Summary of new features
- Pyblish for Hiero added
- Enhancement: Collectors now visible
- Actions accessible via right-click on plug-ins.
The new version focuses on Actions, a flexible method of adding any functionality to plug-ins whilst reaping the benefits of a context-sensitive environment. Associated actions show up alongside plug-ins that already limit themselves to various constraints, such as which project, shot, artist and asset is currently active.
The actions can be further tailored to only appear at the success, failure or done state of a plug-in, providing you with much flexibility in terms of which actions to provide when, such as only enabling the selection of affected nodes in the viewport on a plug-in that had just found a problem with an asset.
Furthermore, you will also notice that collectors are now visible in the GUI as unmodifiable, unchecked items, making it more easy to spot what was actually run and to inspect the various properties of each collector, such as it’s description.
Whether you are installing anew or updating, it is recommended that you install from scratch.
- For Windows, download and run the installer.
- For Linux, OSX or to install via the command-line, see manual installation instructions here.
If you run into any issues, feel free to post below.
The only change requiring any additional thought is pure-dict data and the deprecation of
add() on Context and Instance objects. Both of which are fully backwards compatible.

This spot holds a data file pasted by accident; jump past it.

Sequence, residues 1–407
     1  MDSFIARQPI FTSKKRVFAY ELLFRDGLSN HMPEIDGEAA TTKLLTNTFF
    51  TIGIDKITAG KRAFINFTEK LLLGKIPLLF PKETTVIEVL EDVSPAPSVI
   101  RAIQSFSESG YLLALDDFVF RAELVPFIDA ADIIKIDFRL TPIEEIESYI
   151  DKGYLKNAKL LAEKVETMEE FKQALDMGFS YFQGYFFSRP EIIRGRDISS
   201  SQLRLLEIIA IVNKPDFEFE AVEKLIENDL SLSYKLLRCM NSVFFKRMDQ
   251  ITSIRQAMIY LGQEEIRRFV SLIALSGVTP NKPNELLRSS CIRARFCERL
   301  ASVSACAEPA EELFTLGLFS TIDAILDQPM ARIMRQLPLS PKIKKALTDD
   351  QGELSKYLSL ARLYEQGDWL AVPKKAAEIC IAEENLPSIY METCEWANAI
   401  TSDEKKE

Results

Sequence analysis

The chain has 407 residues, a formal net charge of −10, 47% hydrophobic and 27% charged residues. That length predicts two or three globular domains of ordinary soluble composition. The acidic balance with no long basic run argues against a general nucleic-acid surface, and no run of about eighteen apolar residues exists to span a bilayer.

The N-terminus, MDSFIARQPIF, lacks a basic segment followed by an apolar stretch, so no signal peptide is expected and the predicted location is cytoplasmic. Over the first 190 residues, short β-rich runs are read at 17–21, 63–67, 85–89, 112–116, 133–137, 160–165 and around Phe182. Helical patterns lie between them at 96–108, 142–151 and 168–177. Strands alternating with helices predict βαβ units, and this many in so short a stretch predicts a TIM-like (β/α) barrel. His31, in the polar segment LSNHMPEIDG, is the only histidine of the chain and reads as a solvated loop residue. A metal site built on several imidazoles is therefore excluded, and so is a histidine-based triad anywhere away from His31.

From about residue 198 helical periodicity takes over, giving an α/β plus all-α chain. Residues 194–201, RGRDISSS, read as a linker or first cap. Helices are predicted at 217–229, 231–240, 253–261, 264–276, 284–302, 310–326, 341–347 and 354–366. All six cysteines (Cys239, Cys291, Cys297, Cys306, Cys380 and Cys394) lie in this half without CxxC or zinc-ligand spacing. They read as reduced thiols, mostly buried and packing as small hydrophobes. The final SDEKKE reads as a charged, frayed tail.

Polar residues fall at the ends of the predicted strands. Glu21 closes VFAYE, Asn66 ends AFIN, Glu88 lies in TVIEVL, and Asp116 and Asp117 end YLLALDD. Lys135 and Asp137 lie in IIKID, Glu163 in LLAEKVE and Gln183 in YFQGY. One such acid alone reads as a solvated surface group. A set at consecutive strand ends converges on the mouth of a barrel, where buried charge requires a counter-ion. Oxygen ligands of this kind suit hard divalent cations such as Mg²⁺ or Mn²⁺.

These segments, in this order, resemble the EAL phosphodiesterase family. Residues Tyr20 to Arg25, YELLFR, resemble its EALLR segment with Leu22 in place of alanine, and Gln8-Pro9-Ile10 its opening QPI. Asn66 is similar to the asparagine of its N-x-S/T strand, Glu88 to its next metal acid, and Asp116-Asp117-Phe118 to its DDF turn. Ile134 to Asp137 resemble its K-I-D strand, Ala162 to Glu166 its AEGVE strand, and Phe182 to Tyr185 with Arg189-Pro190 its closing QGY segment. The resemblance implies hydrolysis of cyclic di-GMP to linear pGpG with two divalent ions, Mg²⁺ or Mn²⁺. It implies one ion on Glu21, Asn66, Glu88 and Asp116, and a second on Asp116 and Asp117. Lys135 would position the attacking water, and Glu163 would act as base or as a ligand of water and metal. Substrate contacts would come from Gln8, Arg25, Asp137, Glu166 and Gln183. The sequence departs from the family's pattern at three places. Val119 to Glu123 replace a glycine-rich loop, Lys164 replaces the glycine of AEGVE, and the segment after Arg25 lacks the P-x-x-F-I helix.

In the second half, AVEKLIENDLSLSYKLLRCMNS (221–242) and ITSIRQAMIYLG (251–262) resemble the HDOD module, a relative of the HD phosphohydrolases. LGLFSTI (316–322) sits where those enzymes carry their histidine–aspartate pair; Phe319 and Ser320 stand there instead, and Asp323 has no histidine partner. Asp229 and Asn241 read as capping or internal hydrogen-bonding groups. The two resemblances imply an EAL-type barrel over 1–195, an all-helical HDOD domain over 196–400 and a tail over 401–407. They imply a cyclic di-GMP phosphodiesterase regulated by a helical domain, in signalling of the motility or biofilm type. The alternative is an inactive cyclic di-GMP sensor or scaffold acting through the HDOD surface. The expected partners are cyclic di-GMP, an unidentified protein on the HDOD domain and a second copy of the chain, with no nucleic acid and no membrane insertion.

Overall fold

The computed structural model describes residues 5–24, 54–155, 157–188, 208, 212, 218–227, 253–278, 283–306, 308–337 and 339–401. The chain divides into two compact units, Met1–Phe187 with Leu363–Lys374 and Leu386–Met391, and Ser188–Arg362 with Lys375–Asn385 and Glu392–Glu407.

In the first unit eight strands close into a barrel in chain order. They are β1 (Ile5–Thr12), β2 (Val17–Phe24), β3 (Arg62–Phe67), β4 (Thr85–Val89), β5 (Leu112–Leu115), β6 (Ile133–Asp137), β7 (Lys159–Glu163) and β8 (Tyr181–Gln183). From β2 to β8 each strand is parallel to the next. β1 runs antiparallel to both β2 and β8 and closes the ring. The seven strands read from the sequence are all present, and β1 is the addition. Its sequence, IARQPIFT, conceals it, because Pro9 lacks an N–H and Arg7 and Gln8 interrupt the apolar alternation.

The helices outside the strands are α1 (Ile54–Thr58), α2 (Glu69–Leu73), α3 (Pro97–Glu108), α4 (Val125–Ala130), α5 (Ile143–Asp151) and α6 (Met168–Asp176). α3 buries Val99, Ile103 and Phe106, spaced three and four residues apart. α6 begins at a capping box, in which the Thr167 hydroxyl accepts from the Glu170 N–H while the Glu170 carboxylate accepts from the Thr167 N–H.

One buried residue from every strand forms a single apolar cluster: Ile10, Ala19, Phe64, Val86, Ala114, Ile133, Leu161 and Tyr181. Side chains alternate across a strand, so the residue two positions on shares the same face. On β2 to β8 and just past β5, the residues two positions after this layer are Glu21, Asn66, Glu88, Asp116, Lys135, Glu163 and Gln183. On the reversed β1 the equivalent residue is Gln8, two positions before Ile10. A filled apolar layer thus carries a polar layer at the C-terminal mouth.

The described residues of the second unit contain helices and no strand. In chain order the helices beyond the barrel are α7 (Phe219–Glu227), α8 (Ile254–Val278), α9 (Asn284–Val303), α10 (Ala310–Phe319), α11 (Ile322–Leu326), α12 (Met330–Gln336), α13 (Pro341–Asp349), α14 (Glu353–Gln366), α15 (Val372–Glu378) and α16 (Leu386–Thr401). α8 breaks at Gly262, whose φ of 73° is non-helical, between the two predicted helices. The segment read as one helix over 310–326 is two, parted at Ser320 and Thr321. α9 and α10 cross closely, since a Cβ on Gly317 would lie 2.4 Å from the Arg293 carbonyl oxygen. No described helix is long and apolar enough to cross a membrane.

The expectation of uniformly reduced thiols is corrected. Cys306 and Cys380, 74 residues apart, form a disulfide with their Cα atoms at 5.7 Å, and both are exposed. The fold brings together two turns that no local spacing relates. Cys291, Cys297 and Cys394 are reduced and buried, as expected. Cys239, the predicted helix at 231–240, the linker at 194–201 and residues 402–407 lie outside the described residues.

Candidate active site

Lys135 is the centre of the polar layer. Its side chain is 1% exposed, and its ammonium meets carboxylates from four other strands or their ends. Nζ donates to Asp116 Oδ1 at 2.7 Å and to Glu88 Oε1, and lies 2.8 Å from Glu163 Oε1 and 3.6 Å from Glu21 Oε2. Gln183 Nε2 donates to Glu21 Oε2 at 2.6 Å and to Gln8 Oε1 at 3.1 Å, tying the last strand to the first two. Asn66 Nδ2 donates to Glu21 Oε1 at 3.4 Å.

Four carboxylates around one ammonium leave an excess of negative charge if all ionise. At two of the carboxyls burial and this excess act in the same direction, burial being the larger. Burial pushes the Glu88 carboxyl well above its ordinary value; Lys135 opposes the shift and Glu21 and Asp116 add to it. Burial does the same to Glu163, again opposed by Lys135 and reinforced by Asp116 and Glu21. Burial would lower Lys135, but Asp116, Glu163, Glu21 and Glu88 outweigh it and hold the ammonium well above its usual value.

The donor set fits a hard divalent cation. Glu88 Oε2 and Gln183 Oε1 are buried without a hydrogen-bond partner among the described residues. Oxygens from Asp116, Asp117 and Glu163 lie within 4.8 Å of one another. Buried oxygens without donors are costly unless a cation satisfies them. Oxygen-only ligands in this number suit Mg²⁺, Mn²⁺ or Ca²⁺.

The deprecation of
add means that both Context and Instance are more closely resembling the pure Python
- Instead of using
- Instead of using
This functionality is meant to replace “repair”, along with adding an abundance of flexibility in terms of context-sensitive functionality. Attach any functionality to a plug-in and tailor it to a particular state; like an action only available via a failed validator, or a successful extraction, or just all-round functionality associated with a particular plug-in.
Each action have access to both the Context and it’s parent plug-in via dependency injection, along with any other custom dependencies already available to plug-ins in general.
Actions in QML are arranged in a menu with optional customisable groups and separators. Actions with any kind of implementation error show up as well, including a helpful error message for simplified debugging.
These objects are available via dependency injection by default.
context: The global context
plugin: The parent plug-in
Full list of features
- Per-plugin actions
- Action API ~= Plug-in API, it is more or less a 1-1 match between their interfaces, including
- Standard logging and exception reporting, identical to plug-ins
- Standard dependency injection still applies; can still inject custom functionality
- Customisable icon per action, from Awesome Icon
- Customisable availability
processed: After plug-in has been processed
failed: After plug-in has been processed, and failed
succeeded: After plug-in has been processed, and succeeded
class OpenInExplorer(pyblish.api.Action): label = "Open in Explorer" on = "failed" # This action is only available on a failed plug-in icon = "hand-o-up" # Icon from Awesome Icon def process(self, context): import subprocess subprocess.call("start .", shell=True) # Launch explorer at the cwd class Validate(pyblish.api.Validator): actions = [ # Order of items is preserved pyblish.api.Category("My Actions"), MyAction, pyblish.api.Separator, ] def process(self, context, plugin): """The Context and parent Plug-in are available via dependency injection""" self.log.info("Standard log messages apply here.") raise Exception("Exceptions too.")
Every possible combination of an action.